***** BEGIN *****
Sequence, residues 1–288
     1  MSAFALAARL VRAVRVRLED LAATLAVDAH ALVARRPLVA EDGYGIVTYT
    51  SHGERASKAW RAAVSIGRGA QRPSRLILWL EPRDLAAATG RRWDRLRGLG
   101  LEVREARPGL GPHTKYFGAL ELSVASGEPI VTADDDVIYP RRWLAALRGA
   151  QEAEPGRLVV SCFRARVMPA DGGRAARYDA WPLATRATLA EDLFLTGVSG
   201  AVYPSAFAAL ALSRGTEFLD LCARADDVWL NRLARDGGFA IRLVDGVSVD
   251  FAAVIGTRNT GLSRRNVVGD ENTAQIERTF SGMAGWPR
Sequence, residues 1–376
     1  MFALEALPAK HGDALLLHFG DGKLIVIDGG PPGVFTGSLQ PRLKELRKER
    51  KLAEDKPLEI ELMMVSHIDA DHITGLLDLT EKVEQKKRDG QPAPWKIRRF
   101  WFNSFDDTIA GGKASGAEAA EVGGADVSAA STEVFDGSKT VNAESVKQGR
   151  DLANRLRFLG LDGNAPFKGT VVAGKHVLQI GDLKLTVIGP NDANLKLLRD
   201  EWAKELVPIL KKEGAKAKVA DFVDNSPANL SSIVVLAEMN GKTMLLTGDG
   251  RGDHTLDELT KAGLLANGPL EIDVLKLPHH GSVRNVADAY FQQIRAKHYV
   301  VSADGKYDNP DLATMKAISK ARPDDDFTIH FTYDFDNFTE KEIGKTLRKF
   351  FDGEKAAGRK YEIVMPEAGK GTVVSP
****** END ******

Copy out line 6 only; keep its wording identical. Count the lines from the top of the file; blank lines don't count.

   201  AVYPSAFAAL ALSRGTEFLD LCARADDVWL NRLARDGGFA IRLVDGVSVD